#4. They make them 100% by hand

              Buy a tent that has been treated with mildew and fire retardant. This will help with maintenance and make it safer with a stove inside.

              Buy a tent with a flap on the bottom edge, this will seal it up in windy conditions.

              Good luck!

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              • #8
                I use a small Buddy heater, and it does an excellent job heating my 8' x 10' Wall tent. A problem with propane is that it produces humidity, but mostly when it gets cold. Also, a Wall tent without a water-resistant floor also allows moisture from the ground to raise and fill the tent.

                Since I only use my tent in September during the first two weeks of moose season, it's usually not cold enough for me to leave the heater on for long periods of time, so moisture is not a problem. I also do the following:

                -Place a tarp on the ground, and a treated canvas floor over it to keep moisture rising from the ground
                -When drying things in the tent by using the heater, or just to warm the tent, I open the back window of the tent just a little (I have one of those, too), and crack the front door just a little. This creates ventilation, and allows the moisture to scape
                -I built an A-Frame structure that is taller and larger than the tent, and throw a large tarp over it, and then tie the ends to the trees nearby, or to stakes on the ground. This way I keep rain and snow from reaching the tent, which in turn keeps it very dry inside.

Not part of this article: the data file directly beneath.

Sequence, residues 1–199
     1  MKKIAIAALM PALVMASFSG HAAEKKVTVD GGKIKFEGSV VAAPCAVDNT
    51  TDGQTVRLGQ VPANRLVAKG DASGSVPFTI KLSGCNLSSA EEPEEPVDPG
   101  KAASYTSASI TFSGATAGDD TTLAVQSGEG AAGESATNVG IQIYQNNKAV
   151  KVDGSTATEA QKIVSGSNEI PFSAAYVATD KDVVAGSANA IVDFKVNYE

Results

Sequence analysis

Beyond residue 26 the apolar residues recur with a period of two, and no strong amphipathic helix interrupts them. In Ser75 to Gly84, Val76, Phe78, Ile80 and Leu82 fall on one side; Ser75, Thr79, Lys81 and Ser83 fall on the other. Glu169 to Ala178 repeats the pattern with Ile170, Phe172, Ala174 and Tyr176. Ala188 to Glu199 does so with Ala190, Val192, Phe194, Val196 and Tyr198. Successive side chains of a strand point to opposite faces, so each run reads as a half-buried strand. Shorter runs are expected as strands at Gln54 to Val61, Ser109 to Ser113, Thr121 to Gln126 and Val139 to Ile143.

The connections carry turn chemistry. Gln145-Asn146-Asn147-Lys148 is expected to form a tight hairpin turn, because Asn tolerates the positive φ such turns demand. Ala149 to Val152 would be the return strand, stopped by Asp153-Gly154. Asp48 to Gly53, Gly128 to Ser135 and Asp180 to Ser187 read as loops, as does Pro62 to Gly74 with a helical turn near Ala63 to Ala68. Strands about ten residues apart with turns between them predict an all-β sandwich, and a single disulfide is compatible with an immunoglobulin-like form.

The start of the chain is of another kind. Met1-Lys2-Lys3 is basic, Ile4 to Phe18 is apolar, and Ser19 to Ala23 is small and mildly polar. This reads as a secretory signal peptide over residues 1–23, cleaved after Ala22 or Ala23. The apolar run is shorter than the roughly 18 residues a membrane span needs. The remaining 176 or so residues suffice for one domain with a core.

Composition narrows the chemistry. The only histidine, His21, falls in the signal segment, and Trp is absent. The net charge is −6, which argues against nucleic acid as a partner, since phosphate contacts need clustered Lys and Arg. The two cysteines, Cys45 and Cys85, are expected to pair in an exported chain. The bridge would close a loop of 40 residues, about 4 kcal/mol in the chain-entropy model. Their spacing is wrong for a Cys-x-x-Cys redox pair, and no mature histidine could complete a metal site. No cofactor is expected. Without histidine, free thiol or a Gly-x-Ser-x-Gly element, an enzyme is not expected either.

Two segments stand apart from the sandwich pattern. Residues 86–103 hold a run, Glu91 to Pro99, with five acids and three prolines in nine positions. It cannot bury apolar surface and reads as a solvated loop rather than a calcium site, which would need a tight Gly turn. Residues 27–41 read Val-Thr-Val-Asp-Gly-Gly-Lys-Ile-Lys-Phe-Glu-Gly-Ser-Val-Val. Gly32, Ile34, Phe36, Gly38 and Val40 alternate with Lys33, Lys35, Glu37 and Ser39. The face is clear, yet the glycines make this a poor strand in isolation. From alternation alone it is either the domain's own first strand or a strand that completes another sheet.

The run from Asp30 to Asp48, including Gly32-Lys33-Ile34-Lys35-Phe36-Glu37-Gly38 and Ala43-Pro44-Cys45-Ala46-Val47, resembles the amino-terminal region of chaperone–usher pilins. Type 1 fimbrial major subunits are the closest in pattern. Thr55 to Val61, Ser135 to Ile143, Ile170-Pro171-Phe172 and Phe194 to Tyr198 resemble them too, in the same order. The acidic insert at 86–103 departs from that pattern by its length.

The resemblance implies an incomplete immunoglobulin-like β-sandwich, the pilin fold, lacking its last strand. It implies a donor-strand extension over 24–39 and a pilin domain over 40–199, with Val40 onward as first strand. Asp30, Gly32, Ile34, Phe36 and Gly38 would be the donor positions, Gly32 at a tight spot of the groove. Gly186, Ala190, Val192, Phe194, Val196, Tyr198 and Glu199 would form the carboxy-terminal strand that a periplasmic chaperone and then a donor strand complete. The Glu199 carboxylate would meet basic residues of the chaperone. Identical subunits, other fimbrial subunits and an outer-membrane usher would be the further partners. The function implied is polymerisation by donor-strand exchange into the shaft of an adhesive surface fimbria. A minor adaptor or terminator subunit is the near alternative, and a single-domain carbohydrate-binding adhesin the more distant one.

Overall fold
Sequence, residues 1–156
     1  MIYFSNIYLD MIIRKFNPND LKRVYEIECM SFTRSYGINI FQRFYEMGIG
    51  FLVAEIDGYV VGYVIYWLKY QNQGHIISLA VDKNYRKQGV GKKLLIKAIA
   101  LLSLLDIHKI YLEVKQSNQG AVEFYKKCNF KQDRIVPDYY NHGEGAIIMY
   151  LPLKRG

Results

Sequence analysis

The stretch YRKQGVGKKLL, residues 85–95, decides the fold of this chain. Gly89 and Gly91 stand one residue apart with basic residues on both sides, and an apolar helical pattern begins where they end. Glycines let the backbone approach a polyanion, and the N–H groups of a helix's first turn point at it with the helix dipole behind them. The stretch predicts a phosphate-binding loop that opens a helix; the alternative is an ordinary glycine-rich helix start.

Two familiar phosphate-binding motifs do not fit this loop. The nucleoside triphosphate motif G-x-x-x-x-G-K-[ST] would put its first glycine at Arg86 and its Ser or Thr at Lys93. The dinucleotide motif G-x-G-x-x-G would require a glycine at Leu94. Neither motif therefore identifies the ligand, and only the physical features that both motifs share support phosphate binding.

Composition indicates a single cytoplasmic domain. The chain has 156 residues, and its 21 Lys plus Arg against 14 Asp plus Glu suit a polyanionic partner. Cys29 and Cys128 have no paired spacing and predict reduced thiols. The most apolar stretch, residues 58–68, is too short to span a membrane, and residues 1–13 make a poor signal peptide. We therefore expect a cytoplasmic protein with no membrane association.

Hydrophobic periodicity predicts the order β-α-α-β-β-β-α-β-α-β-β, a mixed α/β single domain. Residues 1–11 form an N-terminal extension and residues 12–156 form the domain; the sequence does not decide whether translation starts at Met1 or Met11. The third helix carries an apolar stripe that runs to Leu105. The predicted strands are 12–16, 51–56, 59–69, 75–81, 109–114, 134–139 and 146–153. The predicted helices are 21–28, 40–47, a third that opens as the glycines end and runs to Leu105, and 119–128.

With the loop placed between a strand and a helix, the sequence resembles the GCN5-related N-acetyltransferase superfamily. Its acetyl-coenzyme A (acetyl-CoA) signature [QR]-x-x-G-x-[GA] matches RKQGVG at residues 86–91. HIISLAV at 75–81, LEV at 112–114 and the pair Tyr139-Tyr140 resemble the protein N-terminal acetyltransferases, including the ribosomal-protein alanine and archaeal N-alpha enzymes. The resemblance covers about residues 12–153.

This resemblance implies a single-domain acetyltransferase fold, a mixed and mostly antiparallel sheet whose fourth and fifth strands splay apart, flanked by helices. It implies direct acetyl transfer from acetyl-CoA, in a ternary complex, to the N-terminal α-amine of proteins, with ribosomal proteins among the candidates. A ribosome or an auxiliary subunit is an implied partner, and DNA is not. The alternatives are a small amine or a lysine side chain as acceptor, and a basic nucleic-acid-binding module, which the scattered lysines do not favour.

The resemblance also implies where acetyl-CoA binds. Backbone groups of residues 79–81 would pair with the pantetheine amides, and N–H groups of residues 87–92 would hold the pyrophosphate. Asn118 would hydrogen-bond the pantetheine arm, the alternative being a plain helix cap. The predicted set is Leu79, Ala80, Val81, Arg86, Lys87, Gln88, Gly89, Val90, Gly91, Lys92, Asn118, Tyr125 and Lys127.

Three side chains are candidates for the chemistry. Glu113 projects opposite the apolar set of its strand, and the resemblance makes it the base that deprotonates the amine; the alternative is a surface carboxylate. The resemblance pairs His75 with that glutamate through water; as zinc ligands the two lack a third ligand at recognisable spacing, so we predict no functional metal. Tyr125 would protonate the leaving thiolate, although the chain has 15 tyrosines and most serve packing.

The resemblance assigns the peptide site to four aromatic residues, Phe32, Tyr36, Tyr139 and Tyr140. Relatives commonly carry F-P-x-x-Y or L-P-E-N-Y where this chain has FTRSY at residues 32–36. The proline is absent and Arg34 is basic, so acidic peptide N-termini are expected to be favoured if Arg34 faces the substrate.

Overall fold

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                • #9
                  What everyone has been *****footin' around is this. Burn a propane heater and it creates moisture. It's just a byproduct of burning propane. Physics and such. You won't be able to dry out clothes as quickly.

                  It will introduce moisture to everything.

                  Wood heat is better.
                  Only if you want things dry.








                  Sell your Big Buddy.

                  Buy a woodstove.
                  Be happy.

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                  • #10
                    Thanks for the replies, Again i just want to heat the tent for comfort if I need to dry anything out I will save it for home or start a fire outside the tent under the lean too. I don't like getting up out of a warm bag for 5min. to start a fire that has burnt out in the middle of the night along with the temp diffrence's from the wood stove although it's nice to have heat and not have to worry about dying in your sleep lol

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                    • #11
                      5' walls

                      Get 5' walls and not 4'ers...you will be glad that you did....the 5' should not include the 8 or so inches of bottom that is sewed on 90deg to the walls.